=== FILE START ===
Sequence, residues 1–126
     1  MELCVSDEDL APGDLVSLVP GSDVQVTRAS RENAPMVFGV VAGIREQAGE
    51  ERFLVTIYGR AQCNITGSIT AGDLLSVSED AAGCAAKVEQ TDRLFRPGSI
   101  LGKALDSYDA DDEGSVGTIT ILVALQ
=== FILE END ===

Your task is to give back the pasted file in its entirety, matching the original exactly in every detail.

Sequence, residues 1–126
     1  MELCVSDEDL APGDLVSLVP GSDVQVTRAS RENAPMVFGV VAGIREQAGE
    51  ERFLVTIYGR AQCNITGSIT AGDLLSVSED AAGCAAKVEQ TDRLFRPGSI
   101  LGKALDSYDA DDEGSVGTIT ILVALQ